Wednesday, January 4, 2012

Analysis Ability

Analysis ability is the ability to look into the subject matter from different perspectives (point of view/angles) to achieve a better understanding of the text. It requires you to be imaginative and creative to observe a single object from multiple dimensions. This skill is required to GP students while analysing questions to understand the exact meaning of the question to decide how to approach writing an essay on that question.

You can understand the meaning of a question if you have good interpretation skills but still you may not be able to write an essay on it - if you don’t have good analysis skills. You have to do some extra-work to understand the questions better and become able to write essays on them. For example, here you are introduced with analysis and interpretation skills which are almost synonymous, both help us understand something. However, to see their real difference you have to compare them with each other. Interpretation is over after the meaning of something is understood. However, analysis requires deep investigation and observation of the component parts of something to have a better insight of the subject concerned. After you analyse a question deeply, you generate some ideas on it and become capable to write something on it. In other words, after analysis you get something (opinions/arguments) to say, on your own, about the subject.

Analysing Questions

In almost all the questions there are two parts: instruction and focus. The “action words” give you the instructions and the "content words" give you insight into the main subject matter, also called as the focus or theme of the essay.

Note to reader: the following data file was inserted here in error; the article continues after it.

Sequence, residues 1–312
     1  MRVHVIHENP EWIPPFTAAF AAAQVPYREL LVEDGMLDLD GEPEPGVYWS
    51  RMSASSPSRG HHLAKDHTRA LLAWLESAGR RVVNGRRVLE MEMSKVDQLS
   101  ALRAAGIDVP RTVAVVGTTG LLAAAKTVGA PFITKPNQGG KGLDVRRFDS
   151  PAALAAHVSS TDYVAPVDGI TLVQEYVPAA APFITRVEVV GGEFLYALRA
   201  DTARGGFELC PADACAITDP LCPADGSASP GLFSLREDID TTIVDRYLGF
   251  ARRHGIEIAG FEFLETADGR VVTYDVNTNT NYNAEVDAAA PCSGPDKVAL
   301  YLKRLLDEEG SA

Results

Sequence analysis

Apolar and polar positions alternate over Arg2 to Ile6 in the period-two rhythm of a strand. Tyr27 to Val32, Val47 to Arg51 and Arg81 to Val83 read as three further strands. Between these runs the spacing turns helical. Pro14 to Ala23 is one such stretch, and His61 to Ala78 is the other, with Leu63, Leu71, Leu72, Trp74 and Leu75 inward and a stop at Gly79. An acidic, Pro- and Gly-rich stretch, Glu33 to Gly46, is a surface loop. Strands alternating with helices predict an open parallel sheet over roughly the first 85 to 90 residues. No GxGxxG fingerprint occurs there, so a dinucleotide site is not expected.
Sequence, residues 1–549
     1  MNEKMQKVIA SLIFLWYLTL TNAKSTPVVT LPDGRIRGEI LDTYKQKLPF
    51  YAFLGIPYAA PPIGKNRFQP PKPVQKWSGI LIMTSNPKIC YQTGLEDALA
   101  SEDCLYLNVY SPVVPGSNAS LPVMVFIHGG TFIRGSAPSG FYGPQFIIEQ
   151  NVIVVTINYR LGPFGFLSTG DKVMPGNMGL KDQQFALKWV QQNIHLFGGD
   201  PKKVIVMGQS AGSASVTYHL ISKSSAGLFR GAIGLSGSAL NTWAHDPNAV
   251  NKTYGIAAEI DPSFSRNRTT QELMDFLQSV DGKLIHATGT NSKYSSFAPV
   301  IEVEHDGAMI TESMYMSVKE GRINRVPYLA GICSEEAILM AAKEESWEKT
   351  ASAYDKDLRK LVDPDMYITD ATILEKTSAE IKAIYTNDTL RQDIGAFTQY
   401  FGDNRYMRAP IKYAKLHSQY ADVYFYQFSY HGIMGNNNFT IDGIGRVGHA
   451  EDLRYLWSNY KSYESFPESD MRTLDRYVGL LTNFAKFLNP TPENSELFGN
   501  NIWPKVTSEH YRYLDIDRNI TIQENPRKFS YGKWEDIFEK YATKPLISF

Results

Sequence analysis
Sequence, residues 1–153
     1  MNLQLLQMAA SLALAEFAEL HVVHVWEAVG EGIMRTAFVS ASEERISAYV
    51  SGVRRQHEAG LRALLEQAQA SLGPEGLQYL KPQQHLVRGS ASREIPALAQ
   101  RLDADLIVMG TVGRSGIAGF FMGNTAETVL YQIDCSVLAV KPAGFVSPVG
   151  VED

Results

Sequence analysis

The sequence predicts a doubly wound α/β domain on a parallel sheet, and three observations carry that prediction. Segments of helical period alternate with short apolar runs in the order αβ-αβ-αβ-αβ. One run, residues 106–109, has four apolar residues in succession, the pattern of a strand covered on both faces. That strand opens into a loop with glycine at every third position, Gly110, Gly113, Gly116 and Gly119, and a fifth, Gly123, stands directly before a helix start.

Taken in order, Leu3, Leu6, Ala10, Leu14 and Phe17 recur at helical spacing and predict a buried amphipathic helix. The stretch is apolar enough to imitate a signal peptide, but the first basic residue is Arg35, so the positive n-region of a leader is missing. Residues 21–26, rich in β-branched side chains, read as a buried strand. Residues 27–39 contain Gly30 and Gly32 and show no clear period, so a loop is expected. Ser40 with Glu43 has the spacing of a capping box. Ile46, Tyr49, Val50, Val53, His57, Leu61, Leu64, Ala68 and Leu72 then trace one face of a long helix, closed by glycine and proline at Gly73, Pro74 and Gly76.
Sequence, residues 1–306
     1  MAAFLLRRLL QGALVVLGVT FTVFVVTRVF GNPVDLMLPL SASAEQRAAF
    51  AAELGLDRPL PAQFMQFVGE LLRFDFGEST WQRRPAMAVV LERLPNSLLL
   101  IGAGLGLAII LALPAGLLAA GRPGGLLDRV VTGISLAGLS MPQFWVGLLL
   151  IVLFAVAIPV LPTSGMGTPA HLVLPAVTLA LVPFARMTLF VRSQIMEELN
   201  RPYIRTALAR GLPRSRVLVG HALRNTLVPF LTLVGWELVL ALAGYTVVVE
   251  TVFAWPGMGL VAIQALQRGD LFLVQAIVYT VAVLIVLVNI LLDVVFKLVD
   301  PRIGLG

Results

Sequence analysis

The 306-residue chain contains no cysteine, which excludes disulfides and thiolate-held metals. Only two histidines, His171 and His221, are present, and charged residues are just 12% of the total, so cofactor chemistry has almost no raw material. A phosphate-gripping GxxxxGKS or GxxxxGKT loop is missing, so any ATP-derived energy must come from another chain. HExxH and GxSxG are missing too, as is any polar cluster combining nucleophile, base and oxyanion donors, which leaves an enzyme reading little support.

1. Instructions or "Action Words"

Instruction words give you the directions as well as the restrictions. This includes the words like evaluate/assess, compare, discuss, define, to what extent, how far do you agree, and so on. These words explicitly tell you what to do. Therefore, understanding them is very necessary. Here is a link which describes most of these words concisely.

Similarly, instruction words also restrict or limit the scope of the essay. An essay could be as long as a big book but you are advised to limit your essay within 500 – 600 words. Similarly, some questions ask you to discuss something within the scope of your society or country. They are also a kind of restriction.

2. Content Words

The “content words” provide you the theme of the subject matter. You have to write on the theme as instructed by the “action words”. These words, as the name suggests, will help you find the content (resources) for your essays.


‘People who ignore religion reject vital aspects of their culture and life.’ Do you agree? (May/June 2006)

Action Words - “Do you agree?” = “Evaluate this.” = “Give your opinions about this.”
Content Words (in a simplified form) - “Religion is vital aspect of culture and life”

Another Example:

Why is it more acceptable to say ‘I am no good at sums’ than ‘I cannot read’? (Oct/Nov 2004, GP 8004/01)

Think about this question. Do you have any idea what the question means?

Now, let me paraphrase this question:

Why is it better to be bad (=no good) at mathematics rather than being illiterate (unable to read anything)?

I hope you understood the question now. Now, the question is asking you to compare the consequences of being illiterate and bad at sums and since there is “why” you should give reasons to prove that being no-good at mathematics is better than being unable to read at all.

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